“M3Gan” (yes I’m writing the title as it’s been promoted) is a film, as other critics have stated, that pokes fun at itself in a variety of ways. There are so many horror clichés in “M3Gan” that it would be impossible to list every single one in this review. Yet, that’s what makes “M3Gan” fun to watch. I could not help but sit back, watch and laugh when M3Gan does her (now Tik-Tok famous) dance before she continues on. Another example includes the stereotypical characters and how you can predict who is going to meet their end (again, a prime example of poking fun at the horror genre and itself).
“M3Gan” is a cinematic marvel at times. The doll is just plain eerie, particularly when she’s NOT speaking. Anytime M3Gan is asked to turn off you are always asking yourself, “Is she really off?” For example, there is also a really creepy scene where M3Gan is staring out the window, only moving her eyes, as Katie is playing, observing and identifying everything, not responding to what Katie is asking her. A horror film that can scare more with silence than sound is a film worth seeing (take “A Quiet Place” for example).
What I can really appreciate about “M3Gan” though is the balance between the characters and the story. There is enough of a backstory and arc for the characters that allows for the film to maintain a sense of continuity. The film never feels like it is dumbing down to the audience, nor does it feel cheap or cheesy. Additionally, while there are no deep philosophical lessons, there are some strong messages regarding grief and family.
I can say this though: M3Gan makes Chucky look like a saint. When M3Gan does kill someone on screen it’s not pretty. While these scenes don’t occur frequently on screen they are pretty horrific to watch, just enough to teeter on the edge of the PG-13 rating. It’s enough for me to question whether or not producers James Wan and Jason Blum could have gone a different route with some of their decisions. Additionally, some of the foul language feels unnecessary, out of place and, honestly, just plain awkward from some of the characters—like it was forced.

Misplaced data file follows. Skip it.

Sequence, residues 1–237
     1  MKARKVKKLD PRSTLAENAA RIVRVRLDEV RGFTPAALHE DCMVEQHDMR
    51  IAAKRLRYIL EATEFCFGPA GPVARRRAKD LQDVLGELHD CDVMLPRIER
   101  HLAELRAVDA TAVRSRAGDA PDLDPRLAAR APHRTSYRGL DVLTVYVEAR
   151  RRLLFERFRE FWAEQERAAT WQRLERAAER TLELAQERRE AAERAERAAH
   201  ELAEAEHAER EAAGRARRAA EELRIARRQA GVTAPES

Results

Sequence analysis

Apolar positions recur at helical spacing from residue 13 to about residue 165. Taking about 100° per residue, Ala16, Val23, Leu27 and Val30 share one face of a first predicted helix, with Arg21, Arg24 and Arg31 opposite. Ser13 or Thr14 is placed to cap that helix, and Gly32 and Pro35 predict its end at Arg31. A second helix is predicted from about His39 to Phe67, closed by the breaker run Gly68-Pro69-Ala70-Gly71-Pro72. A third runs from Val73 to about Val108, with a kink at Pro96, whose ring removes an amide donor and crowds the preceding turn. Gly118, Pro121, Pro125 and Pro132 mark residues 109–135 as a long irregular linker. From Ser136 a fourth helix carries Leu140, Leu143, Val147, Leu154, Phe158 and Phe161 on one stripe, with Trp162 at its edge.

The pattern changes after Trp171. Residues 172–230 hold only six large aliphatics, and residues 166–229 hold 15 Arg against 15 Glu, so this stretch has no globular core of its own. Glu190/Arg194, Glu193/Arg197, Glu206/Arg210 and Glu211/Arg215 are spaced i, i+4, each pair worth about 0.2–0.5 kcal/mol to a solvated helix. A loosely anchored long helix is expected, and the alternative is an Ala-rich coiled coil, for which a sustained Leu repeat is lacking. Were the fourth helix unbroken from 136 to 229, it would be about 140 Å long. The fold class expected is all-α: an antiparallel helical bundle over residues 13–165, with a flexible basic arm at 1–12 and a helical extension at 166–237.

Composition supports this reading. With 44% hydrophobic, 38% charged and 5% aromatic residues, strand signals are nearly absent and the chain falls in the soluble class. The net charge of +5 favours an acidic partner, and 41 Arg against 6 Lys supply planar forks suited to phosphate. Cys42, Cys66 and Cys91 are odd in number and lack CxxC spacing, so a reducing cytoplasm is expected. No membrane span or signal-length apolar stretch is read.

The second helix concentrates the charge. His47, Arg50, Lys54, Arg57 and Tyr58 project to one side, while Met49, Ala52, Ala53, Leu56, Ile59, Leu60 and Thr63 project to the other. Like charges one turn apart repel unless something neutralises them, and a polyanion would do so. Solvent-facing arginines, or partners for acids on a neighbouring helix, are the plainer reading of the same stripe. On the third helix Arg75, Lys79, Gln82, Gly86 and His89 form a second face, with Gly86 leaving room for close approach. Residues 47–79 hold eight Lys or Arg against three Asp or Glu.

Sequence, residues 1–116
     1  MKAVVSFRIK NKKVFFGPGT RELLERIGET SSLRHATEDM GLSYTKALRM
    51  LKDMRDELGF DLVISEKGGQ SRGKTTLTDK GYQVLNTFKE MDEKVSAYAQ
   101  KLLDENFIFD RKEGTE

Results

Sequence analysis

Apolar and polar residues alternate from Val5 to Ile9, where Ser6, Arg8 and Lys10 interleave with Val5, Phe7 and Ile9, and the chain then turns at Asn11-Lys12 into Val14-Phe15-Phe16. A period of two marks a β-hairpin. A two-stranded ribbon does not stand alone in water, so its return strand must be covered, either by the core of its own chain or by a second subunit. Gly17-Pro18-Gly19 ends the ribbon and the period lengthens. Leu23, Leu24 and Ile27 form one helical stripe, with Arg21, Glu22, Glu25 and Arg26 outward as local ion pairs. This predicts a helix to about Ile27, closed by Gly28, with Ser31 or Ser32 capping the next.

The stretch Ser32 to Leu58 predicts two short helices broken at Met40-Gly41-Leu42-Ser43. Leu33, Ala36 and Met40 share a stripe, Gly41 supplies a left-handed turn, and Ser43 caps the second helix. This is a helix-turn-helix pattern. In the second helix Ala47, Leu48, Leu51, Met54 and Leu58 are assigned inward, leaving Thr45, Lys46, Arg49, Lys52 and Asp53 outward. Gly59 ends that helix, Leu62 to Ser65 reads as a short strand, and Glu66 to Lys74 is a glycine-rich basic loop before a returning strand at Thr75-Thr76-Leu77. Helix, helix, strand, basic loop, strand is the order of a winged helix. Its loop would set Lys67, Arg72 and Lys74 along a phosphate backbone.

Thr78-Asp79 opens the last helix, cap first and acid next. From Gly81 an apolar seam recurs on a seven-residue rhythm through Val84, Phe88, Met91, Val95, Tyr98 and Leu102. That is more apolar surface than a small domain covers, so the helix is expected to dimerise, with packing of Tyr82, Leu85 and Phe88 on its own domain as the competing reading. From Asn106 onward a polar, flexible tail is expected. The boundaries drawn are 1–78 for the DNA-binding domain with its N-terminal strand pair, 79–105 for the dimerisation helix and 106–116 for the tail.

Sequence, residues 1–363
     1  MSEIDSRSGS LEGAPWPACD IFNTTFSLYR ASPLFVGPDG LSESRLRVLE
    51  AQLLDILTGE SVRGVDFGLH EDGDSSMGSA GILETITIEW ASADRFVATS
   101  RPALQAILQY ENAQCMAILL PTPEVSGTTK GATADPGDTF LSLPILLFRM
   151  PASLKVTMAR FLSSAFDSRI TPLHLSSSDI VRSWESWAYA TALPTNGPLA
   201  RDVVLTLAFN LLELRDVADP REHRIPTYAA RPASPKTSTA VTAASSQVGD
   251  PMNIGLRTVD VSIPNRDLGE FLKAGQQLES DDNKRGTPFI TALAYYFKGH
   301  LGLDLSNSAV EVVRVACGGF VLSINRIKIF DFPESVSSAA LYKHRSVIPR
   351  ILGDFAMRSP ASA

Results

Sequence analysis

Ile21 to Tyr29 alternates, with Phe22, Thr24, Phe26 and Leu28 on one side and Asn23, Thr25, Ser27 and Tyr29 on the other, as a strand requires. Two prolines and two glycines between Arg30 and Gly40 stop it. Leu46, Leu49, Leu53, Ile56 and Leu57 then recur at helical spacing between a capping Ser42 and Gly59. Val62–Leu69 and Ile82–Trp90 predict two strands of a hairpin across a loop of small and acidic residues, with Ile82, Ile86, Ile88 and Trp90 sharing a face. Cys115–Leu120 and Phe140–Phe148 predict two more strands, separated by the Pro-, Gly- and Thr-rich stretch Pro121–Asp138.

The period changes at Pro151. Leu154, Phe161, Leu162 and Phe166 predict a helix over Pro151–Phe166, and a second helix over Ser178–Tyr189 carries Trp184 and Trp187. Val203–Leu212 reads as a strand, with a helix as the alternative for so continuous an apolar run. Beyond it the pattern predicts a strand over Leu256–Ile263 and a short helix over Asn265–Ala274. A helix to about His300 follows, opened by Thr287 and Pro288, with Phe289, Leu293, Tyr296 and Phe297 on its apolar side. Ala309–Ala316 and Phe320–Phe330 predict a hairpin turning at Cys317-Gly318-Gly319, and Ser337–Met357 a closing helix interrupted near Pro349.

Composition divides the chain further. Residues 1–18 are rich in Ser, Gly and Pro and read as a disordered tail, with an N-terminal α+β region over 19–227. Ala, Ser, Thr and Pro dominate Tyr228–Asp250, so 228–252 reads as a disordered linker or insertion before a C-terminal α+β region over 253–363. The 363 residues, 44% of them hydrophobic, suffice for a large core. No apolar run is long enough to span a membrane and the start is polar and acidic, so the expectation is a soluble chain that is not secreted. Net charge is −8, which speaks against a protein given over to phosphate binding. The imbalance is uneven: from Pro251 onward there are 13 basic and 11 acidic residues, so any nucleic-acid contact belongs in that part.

VIOLENCE: There is a car crash and two parents are killed and a child is seen in a hospital (the child is okay). A dog begins biting Katie (we see her scream but the camera pans away quickly—nothing graphic). A dog is snatched by M3gan (we can assume she killed the dog). A kid presses a spiked ball deep into a child’s hand causing pain. A boy has part of his ear ripped off by M3Gan. A kid is run over by a car (we see the car coming toward him and it continues to drive but nothing graphic is shown). We do see a child’s feet sticking out a body bag afterwards though. Someone is sprayed by a hose, shot in the hand with a staple gun and then poisoned with insecticide spray. A child is seen throwing a huge tantrum, throwing things around the room and slapping an adult. A guy is stabbed with a blade and killed. Someone is stabbed in the neck (off screen). We see the bodies from these kills later. There is a battle between characters and M3gan with injuries between all parties involved.